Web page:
From Norway to Ireland by SMS


Reaching out to younger jobseekers often requires a bit of creativity – as shown by the actions of a Norwegian EURES Adviser. Unemployment rates among recent secondary school and university graduates have risen throughout Europe, with Norway not immune to the trend. Youth between the ages of 18 and 25 are particularly likely to finding themselves outside of the workforce and, as Norwegian EURES Adviser Melanie Hill found, changing their situation for the better is sometimes a question of meeting them on common ground.

Toward the end of May 2010, Dublin-based Stream Global Services approached Melanie about posting a job opportunity on the EURES portal for twelve Norwegian speakers in their call centre. The advertisement generated very little interest however. ‘Video games are closely linked to the younger crowd who, even without formal education, generally have an excellent knowledge of the subject, but are also unlikely to show up at a local employment office’, she said.

Melanie believes that the enhancement to a jobseeker’s CV that employment abroad provides should not be underestimated: ‘Working or studying abroad has positive associations. The individual is seen as independent, resilient and unafraid of taking risks,’ she said. With this in mind, she set about contacting the jobseekers through alternative channels of communication.

Considering that 70% of Norway’s young people do not have a landline, contact via mobiles seemed like a good option. The text of the SMS was short and simple, focused on getting the main point across: ‘Hi! Since you are registered as a jobseeker with NAV (the Norwegian public employment services), there’s a vacancy for PC games customer support in Dublin that may be of interest. If you would like to know more about this job, please get in touch with Melanie Hill, NAV EURES Adviser.’ The responses arrived at lightning speed. The first came within two minutes of the SMS being sent and after 24 hours almost all who were initially contacted via the small-scale campaign responded. The interested candidates were given further information via email, and invited to send in their CVs for feedback.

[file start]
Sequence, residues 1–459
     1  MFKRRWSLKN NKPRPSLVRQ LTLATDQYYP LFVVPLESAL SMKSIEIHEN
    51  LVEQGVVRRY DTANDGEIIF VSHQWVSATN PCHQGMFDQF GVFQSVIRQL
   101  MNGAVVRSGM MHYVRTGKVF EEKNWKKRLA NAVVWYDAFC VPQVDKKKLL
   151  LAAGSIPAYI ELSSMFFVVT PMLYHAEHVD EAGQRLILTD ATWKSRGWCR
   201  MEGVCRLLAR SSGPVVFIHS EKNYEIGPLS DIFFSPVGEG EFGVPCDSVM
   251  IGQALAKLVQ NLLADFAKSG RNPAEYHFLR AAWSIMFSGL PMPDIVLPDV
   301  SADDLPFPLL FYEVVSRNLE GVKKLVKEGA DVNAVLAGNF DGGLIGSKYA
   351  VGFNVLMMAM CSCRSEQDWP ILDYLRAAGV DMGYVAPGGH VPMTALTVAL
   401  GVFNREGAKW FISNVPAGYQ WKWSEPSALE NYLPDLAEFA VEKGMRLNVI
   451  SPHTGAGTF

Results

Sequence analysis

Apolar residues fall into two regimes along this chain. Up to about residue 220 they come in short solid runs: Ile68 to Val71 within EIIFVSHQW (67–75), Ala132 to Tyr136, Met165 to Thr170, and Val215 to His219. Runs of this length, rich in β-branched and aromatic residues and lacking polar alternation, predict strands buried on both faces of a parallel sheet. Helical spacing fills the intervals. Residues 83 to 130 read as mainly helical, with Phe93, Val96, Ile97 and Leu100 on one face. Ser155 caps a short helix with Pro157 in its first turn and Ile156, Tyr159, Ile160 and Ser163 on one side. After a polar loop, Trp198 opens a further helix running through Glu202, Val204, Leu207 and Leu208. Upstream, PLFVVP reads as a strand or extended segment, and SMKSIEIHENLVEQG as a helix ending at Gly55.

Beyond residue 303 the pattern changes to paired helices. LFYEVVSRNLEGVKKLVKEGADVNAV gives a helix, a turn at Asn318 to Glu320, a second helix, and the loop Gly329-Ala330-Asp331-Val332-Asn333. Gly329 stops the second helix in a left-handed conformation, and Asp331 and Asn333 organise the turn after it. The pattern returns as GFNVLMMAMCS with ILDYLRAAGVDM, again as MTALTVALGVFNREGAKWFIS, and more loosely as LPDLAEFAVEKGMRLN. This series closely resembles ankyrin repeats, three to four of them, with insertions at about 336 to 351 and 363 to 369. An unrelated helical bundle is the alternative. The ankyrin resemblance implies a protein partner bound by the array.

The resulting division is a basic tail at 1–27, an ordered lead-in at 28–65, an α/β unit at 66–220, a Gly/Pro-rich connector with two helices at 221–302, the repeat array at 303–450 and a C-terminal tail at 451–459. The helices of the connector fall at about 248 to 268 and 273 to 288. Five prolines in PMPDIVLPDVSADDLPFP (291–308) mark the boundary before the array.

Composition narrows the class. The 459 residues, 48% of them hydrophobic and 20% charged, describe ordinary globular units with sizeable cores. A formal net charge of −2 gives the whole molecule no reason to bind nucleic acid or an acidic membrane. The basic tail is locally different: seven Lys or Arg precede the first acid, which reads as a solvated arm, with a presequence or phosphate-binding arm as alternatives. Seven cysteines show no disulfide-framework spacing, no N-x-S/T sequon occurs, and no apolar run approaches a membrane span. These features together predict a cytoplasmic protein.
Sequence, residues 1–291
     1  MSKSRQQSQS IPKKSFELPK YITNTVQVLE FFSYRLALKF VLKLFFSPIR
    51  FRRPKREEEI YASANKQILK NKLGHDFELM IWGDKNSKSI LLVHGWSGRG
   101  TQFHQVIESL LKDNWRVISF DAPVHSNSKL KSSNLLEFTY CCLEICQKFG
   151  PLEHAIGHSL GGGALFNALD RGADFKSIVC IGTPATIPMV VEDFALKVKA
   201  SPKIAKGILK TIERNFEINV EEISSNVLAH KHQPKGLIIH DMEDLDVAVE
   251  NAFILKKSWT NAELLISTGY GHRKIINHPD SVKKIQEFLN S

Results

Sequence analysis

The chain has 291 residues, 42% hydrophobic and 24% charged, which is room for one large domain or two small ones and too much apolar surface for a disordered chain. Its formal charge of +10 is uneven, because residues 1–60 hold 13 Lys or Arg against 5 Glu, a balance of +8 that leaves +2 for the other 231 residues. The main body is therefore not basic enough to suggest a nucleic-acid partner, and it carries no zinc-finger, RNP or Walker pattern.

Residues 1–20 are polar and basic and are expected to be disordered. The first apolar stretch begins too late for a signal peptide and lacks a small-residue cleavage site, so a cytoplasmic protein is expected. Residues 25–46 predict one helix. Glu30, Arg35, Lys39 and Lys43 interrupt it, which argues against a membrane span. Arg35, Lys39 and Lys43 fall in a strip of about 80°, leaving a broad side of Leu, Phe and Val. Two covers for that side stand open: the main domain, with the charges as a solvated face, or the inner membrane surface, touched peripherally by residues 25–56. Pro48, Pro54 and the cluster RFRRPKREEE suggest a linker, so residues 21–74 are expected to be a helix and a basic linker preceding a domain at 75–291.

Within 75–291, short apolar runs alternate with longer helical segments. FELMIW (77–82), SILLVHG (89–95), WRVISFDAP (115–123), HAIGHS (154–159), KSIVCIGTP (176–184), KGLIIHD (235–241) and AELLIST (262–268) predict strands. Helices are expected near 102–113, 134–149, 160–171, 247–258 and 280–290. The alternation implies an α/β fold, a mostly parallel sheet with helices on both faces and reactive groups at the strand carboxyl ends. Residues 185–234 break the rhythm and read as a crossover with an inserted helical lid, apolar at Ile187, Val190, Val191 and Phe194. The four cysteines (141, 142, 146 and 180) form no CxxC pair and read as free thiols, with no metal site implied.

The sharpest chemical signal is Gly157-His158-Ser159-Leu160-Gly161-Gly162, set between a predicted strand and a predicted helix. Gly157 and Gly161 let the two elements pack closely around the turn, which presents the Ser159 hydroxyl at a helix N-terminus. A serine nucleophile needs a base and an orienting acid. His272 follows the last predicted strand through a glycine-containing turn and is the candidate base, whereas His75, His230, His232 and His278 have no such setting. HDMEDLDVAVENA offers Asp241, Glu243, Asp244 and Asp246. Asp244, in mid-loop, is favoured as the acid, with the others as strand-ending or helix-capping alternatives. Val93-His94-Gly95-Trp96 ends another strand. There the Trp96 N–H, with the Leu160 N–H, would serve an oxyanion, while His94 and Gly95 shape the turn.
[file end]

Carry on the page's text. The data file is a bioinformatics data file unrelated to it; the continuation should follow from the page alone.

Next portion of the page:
Twenty-year old Thomas Johnsen, one of the recruits currently in Dublin, particularly appreciated the proactive approach of being notified via SMS. ‘It made me more interested since I didn’t have all of the information about the job – I wanted to get in touch to find out more,’ he said.

At the conclusion of the selection process, six individuals were recruited for employment in Ireland from Melanie’s region of North Trøndelag, and prepared to depart almost immediately. Though the new employees had already expressed their willingness to go abroad, the EURES office and their new employer provided them with necessary information for their first days away, including some local guidance and housing information.

The teaser tactic has proven itself a success as both employer and employees are happy with the experience. Fiona Kelly of the Stream Global Services said that that the Norwegian group has proven friendly and positive, receiving good performance evaluations. The employees themselves also view this as a positive experience, one that could increase their professional experience and open more doors when they return home. ‘Personally I learned that I’m better at English than I thought and I really recommend this to everyone who wants to work abroad or take a year off from school. It looks good on your CV and is a great experience,’ Thomas said.

The SMS initiative has proven itself to be successful for all of the parties involved and one that is likely to be used again in the EURES Norway offices.


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